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Review

Disney Infinity 2.0: Marvel Super Heroes (Wii U) Review

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We‚Äôve been spoiled in recent years with a bevvy a well-made super hero video games. Developers such as Traveller’s Tales have given us excellent DC and Marvel LEGO experiences, injecting equal parts humor and comic book lore into expansive open-worlds brimming with possibility.

Pairing the hugely popular ‚ÄúToys To Life‚ÄĚ category with the Marvel universe feels like a license to print money, and that‚Äôs exactly what Disney are banking on with the release of Disney Infinity 2.0: Marvel Super Heroes.

Developer Avalanche Studios has thankfully taken the mantra ‚Äúwith great power comes great responsibility‚ÄĚ as clear instruction. In their first team-up since the acquisition of the Marvel license, Avalanche Studios has delivered Disney a worthy sequel, to what has been to date, the most innovative approach in Toys To Life games.¬†¬†¬†¬†¬† screen4_large
The starter set for Disney Infinity 2.0 focuses on Marvel’s moneymaker; The Avengers. Containing three playable figures; Ironman, Thor and Black Widow, the starter set includes a play set piece for The Avengers, power discs to provide characters with buffs, and two Toy Box discs offering new games, tower defense and a dungeon crawler. It’s a great amount of content, but only a third of the variety in play sets contained within Disney Infinity 1’s starter pack.

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While the first iteration of Disney Infinity placed utmost important on how players could customize the environments within their play sets, Disney Infinity 2.0 is all about the customizing your heroes. By offering a singular play set, Disney Infinity 2.0 increases its focus on fluid combat and exploratory platforming and flying, but in doing so, forgoes some of the magic and variety offered by its predecessor. Punching, shooting and flying makes sense in an open-world built on the Marvel universe, and developer Avalanche Studios clearly understand and love their subject matter.

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A key component of Toys to Life games are the physical figures, and Disney Infinity 2.0 has not pulled any punches with their sculpts. These figures are a cut above Disney Infinity 1 and Skylanders toys, with dynamic poses, superb paint jobs and sleek bases which serve to identify the allegiance of each figure. At launch, two additional sets are available for purchase, along with additional figures; these being an Ultimate Spiderman play set and a Guardians of the Galaxy play set. Unfortunately, both these play sets feature more compelling game play experiences than those found in The Avengers play set. It is understandable Disney preferred to include Thor and Ironman in the starter set to appease younger fans, and to support interest in Marvel flagship The Avengers. If you enjoy Disney Infinity 2.0, I would strongly suggest picking up at least one if not both of these additional sets.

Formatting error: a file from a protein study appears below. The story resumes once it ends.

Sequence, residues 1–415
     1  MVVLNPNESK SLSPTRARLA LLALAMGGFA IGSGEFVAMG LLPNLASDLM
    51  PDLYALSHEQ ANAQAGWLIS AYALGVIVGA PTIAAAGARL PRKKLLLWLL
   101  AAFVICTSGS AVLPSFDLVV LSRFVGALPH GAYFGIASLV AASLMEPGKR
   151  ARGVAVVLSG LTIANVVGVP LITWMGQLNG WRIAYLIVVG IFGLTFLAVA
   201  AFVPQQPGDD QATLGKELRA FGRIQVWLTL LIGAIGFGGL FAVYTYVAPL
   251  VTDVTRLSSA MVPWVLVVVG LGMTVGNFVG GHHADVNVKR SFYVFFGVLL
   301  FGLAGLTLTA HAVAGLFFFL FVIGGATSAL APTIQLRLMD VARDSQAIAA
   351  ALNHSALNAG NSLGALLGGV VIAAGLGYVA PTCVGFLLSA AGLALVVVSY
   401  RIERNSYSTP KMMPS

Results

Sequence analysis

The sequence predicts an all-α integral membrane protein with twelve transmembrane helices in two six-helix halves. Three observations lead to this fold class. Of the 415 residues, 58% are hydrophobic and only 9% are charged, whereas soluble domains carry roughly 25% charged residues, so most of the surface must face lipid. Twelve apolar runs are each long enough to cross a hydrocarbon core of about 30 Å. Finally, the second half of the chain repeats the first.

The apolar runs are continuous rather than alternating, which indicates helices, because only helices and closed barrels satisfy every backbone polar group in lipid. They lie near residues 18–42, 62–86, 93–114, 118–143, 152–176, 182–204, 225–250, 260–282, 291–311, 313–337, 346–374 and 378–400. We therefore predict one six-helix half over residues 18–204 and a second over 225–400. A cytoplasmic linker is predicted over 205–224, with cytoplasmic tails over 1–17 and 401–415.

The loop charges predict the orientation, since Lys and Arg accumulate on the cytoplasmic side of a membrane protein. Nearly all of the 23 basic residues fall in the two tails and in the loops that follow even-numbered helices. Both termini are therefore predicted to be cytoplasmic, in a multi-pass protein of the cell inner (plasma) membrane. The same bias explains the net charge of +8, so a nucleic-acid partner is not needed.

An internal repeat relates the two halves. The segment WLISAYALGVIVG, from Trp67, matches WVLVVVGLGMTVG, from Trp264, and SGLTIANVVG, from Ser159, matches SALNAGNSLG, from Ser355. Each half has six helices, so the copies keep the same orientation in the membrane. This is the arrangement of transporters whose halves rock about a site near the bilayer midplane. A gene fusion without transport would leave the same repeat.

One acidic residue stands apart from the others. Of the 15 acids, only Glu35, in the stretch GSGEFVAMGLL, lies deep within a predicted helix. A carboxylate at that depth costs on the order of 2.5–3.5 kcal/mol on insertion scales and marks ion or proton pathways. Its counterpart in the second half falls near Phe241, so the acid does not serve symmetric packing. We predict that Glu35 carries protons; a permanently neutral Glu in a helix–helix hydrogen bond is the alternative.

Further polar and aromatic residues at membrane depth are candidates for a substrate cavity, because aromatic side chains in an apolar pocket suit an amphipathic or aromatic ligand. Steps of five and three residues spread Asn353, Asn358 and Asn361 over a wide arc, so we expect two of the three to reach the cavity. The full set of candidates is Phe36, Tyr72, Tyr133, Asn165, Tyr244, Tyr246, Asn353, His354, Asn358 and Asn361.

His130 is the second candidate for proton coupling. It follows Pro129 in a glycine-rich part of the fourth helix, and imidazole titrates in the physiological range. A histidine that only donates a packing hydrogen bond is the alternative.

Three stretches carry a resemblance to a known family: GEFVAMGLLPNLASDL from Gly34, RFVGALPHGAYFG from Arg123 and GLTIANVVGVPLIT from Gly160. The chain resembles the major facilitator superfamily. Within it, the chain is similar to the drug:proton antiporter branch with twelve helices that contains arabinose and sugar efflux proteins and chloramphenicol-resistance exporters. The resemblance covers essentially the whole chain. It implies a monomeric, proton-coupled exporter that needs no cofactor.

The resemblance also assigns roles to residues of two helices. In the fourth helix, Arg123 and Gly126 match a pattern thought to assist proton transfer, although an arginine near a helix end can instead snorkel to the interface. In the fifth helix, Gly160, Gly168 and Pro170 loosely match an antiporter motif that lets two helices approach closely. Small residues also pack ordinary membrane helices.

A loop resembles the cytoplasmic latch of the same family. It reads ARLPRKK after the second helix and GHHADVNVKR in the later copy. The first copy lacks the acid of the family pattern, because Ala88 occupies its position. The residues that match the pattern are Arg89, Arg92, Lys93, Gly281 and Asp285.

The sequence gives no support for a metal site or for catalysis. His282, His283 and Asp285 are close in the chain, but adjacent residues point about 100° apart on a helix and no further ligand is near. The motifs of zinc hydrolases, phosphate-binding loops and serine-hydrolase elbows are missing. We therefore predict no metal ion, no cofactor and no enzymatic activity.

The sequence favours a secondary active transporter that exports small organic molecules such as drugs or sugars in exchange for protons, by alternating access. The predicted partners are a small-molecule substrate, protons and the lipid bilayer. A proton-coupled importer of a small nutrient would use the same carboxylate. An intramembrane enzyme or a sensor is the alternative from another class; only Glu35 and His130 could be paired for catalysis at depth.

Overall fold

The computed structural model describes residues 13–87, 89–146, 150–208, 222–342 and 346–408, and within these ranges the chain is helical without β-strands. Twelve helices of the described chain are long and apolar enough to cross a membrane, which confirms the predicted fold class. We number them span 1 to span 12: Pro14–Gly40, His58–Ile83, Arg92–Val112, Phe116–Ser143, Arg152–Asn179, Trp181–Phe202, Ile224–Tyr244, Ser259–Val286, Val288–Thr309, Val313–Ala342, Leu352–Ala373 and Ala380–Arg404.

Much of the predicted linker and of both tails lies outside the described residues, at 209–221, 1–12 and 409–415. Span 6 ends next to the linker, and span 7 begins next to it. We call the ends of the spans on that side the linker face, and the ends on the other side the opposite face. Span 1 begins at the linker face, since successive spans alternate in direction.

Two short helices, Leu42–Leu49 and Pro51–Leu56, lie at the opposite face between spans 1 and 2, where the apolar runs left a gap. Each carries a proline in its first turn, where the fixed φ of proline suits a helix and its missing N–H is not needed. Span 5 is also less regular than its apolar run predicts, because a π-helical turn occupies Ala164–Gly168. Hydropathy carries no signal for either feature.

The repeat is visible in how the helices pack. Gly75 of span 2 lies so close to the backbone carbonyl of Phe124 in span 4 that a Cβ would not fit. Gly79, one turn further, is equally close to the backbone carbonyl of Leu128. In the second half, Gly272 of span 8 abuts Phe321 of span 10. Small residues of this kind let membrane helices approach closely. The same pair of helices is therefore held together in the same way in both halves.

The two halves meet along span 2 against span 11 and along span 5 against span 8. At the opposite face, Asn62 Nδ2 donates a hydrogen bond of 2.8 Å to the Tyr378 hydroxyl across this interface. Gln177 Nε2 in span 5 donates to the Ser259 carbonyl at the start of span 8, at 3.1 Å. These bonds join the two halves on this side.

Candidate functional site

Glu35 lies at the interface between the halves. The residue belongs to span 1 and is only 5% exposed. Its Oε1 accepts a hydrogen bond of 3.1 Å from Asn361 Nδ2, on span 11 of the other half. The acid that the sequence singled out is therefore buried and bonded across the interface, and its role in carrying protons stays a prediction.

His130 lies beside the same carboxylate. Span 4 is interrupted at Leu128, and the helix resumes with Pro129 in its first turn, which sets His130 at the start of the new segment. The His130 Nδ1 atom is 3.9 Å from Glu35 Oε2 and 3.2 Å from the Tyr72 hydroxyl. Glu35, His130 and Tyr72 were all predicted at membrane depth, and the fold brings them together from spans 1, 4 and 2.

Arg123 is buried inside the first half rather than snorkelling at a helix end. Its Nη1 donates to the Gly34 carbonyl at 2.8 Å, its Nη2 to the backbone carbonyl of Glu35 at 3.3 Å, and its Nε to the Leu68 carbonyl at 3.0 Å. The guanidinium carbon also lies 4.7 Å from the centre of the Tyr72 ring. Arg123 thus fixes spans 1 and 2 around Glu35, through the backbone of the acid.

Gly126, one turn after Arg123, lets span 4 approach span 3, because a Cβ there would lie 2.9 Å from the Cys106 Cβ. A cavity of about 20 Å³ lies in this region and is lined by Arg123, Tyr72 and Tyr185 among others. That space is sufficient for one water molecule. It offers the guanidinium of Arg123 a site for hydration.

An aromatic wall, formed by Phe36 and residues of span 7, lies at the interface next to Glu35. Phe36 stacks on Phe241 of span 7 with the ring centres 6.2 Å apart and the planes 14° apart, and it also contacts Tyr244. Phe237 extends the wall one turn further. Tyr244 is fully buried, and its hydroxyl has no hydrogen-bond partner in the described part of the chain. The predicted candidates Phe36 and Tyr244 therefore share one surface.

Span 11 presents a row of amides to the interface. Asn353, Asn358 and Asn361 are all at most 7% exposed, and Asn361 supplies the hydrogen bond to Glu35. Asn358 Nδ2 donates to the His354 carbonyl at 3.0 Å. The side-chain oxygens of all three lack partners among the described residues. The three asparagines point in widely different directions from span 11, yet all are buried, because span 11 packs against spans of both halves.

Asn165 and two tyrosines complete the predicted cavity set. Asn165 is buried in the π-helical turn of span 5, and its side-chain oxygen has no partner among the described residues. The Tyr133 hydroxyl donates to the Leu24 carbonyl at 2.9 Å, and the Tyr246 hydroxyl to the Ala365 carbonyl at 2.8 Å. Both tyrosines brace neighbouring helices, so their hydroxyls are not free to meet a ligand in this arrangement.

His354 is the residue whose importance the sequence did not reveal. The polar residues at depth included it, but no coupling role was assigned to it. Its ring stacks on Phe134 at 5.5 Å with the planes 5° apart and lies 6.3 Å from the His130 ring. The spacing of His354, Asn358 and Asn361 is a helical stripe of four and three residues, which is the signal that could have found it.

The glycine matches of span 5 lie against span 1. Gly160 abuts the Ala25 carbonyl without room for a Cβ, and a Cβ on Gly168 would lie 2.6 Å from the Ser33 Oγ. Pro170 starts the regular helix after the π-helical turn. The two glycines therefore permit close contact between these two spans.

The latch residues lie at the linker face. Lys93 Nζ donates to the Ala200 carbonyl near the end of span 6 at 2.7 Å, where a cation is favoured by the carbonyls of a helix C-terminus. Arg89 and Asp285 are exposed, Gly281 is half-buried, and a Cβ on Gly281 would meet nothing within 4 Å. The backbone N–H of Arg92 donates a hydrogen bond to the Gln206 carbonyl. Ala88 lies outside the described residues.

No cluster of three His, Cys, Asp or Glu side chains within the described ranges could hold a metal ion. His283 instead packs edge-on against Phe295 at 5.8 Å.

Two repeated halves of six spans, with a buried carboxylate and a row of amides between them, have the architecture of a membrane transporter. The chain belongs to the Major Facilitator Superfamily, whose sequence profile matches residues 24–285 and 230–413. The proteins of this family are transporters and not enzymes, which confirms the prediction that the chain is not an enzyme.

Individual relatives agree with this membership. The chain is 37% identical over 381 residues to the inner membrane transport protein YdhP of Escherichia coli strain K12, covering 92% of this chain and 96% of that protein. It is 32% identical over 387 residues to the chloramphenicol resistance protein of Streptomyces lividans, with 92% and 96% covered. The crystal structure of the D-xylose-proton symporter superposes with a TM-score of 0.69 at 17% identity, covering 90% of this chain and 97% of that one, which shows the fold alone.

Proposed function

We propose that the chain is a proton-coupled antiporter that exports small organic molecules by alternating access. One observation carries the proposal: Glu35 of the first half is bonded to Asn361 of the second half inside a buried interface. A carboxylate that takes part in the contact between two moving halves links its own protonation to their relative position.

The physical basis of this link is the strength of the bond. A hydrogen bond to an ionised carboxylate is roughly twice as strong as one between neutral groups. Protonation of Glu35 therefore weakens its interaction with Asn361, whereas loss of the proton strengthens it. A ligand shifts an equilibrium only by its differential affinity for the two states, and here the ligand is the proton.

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The bugbear of licensed properties, a complaint against Disney Infinity 1 has been figures cannot me mixed and matched across different play sets. Fortunately, play sets in Disney Infinity 2.0 hail from a common Marvel universe, as such two additional figures can be used in a play set once ten ‚Äėcross-over coins‚Äô have been collected within the environment. While this provides incentive to buy and play as new characters, such as Hulk who is compatible across The Avengers and Spiderman play sets, with the countless crossovers in Marvel comics, surely we could have had the opportunity to play as the majority of figures across each play set?

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Play set design forgoes the whimsy of Disney Infinity 1’s missions (sadly the variety of half pipes and paintball from Monsters University are nowhere to be seen) in favour of brawling with enemies, escort missions, and fetch quests. All are handled with aplomb and are in sync with the subject matter. You can tell the developers are close to the source material and love their super hero games. At various moments, I was reminded of 90’s brawlers such as Maximum Carnage and Capcom’s The Punisher, while Hulk’s bounding leaps and crushing blows feel very similar to Sierra’s wonderful 2005 open-world smash-em-up The Incredible Hulk: Ultimate Destruction.